The analysis below is not intended as an endorsement of or reaction to either candidate in the 2020 Presidential election. It is commentary based on publicly available information and is intended to help readers make informed decisions about their investments.
With the 2020 Democratic National Convention concluded and Joe Biden officially accepting the Party’s Presidential nomination, families across the country are taking a close look at his proposed policy changes and their implications for taxes and generational wealth transfer. Today, we offer the CornerCap viewpoint on how a Biden election could affect your wealth accumulation planning and preemptive actions you may want to take in preparation.
It should be acknowledged upfront that there would need to be a Democratic sweep of the White House and both chambers of Congress for the proposals in question to be enacted. In addition, these are simply proposals, and the final pieces of legislation could look vastly different.
To be certain, the proposed reform is extensive (see a summary list at the end of this article). But who, specifically, might it impact? And how?
Those Unlikely to Be Impacted
Workers earning less than $400,000 annually, those who have a gross estate below $5 million, have no rental real estate, take the standard deduction and are not holding a low cost basis asset with the thought of heirs getting a “step up” in cost basis (more on this point below) will likely not be directly affected by the new tax regime.
Where the Impact Is Likely to Be Felt
Very high income-earning professionals would feel the impact of Biden’s proposed changes in the near term. Biden has made clear his intentions to roll back $2 trillion in tax cuts put in place under the current administration. He would raise the income tax rate for those earning more than $400,000 per year back to 39.6 percent (its level before the 2017 Tax Cuts and Jobs Act), and he would apply the social security tax (12.4 percent) to earnings over $400,000.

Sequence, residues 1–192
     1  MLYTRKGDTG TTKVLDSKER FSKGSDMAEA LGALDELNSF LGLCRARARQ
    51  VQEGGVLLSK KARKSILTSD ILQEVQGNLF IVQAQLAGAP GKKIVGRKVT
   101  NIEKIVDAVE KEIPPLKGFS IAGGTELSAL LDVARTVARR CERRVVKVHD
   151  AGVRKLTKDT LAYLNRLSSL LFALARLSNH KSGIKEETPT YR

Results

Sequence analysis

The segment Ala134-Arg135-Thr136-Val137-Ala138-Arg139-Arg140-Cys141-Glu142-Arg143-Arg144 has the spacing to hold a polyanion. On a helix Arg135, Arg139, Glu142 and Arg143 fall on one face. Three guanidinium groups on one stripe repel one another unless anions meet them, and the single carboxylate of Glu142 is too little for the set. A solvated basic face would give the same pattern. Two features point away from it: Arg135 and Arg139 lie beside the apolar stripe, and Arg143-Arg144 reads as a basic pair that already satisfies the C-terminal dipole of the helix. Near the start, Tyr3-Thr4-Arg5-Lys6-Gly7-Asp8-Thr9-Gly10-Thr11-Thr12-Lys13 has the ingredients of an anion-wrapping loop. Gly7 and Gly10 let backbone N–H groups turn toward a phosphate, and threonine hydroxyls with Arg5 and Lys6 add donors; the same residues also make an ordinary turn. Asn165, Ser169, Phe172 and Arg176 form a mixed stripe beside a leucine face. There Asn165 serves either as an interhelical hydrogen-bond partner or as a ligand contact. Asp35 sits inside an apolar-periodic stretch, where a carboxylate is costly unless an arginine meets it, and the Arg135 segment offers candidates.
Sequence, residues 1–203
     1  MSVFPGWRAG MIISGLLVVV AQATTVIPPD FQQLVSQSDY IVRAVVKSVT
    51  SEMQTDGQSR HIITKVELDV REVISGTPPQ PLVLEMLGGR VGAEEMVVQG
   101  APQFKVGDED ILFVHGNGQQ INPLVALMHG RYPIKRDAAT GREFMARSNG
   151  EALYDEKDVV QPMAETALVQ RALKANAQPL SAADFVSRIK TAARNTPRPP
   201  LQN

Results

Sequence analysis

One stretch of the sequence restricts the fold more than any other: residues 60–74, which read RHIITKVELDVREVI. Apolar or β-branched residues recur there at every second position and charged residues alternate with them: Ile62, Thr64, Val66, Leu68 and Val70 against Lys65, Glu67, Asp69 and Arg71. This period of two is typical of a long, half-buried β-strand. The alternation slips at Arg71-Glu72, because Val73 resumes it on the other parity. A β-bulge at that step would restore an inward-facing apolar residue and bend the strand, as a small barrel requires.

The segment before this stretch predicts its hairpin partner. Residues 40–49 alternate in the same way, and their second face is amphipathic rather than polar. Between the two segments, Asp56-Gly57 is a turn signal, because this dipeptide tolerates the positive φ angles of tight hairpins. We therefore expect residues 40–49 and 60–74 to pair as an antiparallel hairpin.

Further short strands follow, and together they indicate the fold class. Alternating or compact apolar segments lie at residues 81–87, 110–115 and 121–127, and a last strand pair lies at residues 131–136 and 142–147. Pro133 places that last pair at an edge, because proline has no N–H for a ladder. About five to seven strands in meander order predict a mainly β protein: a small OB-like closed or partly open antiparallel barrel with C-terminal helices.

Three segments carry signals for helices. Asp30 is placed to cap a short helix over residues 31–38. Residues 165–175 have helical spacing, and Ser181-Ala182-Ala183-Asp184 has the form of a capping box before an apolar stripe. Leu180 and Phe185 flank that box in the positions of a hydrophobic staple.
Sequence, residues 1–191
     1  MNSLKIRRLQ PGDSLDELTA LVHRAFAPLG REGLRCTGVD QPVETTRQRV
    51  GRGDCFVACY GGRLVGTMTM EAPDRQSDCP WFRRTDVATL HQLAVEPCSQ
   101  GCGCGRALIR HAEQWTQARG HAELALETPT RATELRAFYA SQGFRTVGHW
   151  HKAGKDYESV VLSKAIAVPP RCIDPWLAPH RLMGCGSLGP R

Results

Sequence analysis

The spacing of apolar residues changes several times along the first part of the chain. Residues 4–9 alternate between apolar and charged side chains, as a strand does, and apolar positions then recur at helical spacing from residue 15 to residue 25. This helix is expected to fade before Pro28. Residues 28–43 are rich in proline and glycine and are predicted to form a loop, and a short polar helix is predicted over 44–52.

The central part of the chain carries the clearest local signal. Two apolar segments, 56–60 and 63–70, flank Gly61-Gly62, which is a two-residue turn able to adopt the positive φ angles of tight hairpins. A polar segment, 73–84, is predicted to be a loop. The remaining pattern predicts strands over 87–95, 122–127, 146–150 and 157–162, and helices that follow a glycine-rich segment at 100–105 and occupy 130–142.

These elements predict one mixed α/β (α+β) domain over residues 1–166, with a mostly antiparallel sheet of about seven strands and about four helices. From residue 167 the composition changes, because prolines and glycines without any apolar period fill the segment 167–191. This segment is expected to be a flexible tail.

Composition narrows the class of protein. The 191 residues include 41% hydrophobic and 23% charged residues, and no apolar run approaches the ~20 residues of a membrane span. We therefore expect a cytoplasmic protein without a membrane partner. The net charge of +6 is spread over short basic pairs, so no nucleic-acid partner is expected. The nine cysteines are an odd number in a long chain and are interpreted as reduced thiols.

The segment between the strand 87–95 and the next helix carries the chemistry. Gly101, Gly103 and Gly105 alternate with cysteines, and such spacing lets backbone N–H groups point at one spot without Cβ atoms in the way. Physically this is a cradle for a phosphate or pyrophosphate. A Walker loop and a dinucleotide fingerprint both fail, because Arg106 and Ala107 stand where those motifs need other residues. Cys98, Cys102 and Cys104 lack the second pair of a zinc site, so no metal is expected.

Such changes could affect families’ cash flow, discretionary spending and assets available to invest on an annual basis moving forward. It’s estimated that the Biden tax plan would lead to:
- 8% less after-tax income for the top 1 percent of taxpayers,
- 1% lower after-tax income for the top 5 percent, and
- around 0.6% less after-tax income for other income quintiles.
Certain investors would feel additional impact as capital gains and dividends for those with an annual income greater than $1 million would be taxed at 39.6 percent under a Biden administration.
Thinking longer term, the transfer of wealth may be impacted as well, as Biden seeks to eliminate the “step-up in basis” provision under the Tax Cuts and Jobs Act. This provision currently allows investors to hold an investment for years and leave it to an heir at death. Under current law, the heir pays little to no capital gains tax if he or she sells because the original investment in the asset “steps up” to current market value at the owner’s death.
What Actions Might You Take Now?
For those earning more than $400,000, but less than $1 million, you can likely wait for the election outcome to implement a tax reduction strategy in anticipation of higher rates and limited deductions. However, if you have an illiquid asset with a very low cost basis that you anticipate selling in the next few years, it may be wise to begin setting the wheels in motion in case you need to move quickly after the election.